10        A.   Again I'm going to apologise because of the dates.  Dates are not

11     all that relevant to me and I don't remember them, but I remember details

12     that are probably relevant for this Court as well.  We received a series

13     of information about the behaviour, behaviour under quotation marks, of

14     that paramilitary unit and we weren't sure whether all this information

15     that we had obtained was all that reliable.  At one of these collegium

16     meetings in the morning, I was given a task to change into civilian

17     clothing, to take a few operatives with me, and to infiltrate myself, as

18     we say in professional terms, into Zvornik and try to obtain the

19     information that we needed.

20             As I arrived in Zvornik, I organised a meeting with the chief of

21     national security, Goran Zugic, and we held this meeting in Mali Zvornik.

22     Because our information said that the members of the Yellow Wasps

23     paramilitary unit were following all important persons who were holders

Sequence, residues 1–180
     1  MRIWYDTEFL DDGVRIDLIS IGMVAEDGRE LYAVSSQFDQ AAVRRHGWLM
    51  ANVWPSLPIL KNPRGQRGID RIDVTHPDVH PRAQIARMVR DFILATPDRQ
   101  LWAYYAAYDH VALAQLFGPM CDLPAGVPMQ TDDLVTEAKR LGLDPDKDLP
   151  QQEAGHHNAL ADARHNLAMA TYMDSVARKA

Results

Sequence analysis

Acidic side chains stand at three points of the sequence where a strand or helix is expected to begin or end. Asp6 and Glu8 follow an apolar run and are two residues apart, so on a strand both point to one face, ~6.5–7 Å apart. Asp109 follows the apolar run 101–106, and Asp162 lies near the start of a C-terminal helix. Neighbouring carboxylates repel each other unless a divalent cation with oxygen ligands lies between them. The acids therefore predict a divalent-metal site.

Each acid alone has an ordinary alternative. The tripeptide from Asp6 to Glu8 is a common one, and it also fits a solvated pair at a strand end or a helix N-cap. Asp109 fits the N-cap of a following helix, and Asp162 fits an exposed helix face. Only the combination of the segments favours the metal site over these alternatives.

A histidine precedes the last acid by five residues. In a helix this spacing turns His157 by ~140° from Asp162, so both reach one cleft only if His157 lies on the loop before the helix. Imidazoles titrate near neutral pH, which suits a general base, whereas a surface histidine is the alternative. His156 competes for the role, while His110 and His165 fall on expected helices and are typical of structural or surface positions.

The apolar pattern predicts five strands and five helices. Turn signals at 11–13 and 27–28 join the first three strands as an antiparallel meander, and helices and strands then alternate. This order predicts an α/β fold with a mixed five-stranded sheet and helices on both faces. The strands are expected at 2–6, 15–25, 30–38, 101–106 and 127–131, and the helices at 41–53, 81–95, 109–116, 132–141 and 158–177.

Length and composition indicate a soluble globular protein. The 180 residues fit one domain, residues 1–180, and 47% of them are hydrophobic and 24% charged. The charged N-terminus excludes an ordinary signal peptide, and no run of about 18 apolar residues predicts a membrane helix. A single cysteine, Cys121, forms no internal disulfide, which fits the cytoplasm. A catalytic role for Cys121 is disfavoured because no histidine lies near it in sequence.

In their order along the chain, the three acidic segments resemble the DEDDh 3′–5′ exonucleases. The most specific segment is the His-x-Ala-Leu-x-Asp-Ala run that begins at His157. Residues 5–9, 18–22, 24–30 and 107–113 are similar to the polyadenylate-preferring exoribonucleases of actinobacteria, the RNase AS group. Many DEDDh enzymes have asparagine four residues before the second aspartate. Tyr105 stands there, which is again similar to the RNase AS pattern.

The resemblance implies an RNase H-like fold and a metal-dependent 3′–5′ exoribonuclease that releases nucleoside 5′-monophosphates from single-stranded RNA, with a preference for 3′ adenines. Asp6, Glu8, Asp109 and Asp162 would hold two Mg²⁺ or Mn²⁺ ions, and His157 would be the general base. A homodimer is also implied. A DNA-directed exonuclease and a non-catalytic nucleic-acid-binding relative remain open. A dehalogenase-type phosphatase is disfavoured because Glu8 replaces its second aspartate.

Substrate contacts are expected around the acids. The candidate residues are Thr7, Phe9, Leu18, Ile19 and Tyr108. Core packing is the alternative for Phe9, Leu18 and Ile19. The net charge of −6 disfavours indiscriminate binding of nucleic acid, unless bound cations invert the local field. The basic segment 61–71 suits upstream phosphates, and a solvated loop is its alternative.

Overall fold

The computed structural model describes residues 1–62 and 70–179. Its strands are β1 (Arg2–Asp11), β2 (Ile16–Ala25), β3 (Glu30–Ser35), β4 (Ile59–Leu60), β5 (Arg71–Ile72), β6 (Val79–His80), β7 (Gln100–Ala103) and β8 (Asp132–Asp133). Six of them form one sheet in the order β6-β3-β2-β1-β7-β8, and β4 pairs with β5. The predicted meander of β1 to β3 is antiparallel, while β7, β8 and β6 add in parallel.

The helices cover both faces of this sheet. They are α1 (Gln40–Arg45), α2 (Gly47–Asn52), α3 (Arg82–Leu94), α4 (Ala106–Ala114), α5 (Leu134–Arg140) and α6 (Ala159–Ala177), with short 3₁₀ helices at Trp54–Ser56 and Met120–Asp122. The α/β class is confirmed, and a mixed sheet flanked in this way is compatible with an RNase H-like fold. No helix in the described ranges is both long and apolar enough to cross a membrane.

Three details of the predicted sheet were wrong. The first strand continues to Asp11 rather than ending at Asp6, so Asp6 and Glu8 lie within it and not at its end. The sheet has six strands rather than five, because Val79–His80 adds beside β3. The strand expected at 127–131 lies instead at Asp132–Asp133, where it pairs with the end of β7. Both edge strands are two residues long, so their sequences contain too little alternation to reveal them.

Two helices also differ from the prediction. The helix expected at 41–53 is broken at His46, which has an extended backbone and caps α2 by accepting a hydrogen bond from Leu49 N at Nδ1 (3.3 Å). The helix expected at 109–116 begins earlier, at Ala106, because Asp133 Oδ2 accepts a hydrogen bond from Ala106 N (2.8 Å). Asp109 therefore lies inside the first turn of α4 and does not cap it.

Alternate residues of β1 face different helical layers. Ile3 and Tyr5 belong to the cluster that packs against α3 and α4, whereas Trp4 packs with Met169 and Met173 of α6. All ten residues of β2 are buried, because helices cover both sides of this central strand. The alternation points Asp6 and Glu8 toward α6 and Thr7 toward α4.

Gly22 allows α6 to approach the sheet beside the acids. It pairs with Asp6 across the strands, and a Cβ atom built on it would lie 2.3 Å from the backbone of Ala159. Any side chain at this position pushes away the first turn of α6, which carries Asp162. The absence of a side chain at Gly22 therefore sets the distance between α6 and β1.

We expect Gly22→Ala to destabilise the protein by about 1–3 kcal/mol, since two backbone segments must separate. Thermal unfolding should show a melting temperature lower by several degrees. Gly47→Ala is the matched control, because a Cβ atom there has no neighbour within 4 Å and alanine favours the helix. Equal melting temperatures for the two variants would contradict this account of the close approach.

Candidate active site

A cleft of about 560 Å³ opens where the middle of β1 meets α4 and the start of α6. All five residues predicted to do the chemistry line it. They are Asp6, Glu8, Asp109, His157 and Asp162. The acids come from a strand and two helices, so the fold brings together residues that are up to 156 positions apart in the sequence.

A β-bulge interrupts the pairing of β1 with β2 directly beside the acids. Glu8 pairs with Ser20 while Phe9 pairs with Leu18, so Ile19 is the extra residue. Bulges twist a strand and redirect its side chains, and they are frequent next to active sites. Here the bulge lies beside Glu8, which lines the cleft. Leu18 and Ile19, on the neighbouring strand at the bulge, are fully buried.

24     of important offices in Zvornik.  In the territory of Zvornik, I stayed

25     for about three or four days and I established exactly all the locations

Page 21474

 1     where Zuco, Pivarski, and another group were stationed, but because the

 2     Zuce were so numerous and because they had committed such terrible

 3     crimes, we went after the Yellow Wasps first.  That's when I presented my

 4     report.

 5             What followed was a planned activity that we embarked upon.  Of

 6     course before any operation one has to plan.  We made a comprehensive

 7     plan that we verified at one of these morning meetings of ours, not to

 8     call them a collegium.  I don't know the exact date, but I know that it

 9     was in the early morning hours that we set out to implement that

10     operation.

11             MR. ZECEVIC: [Interpretation] P317, item 22, tab 58.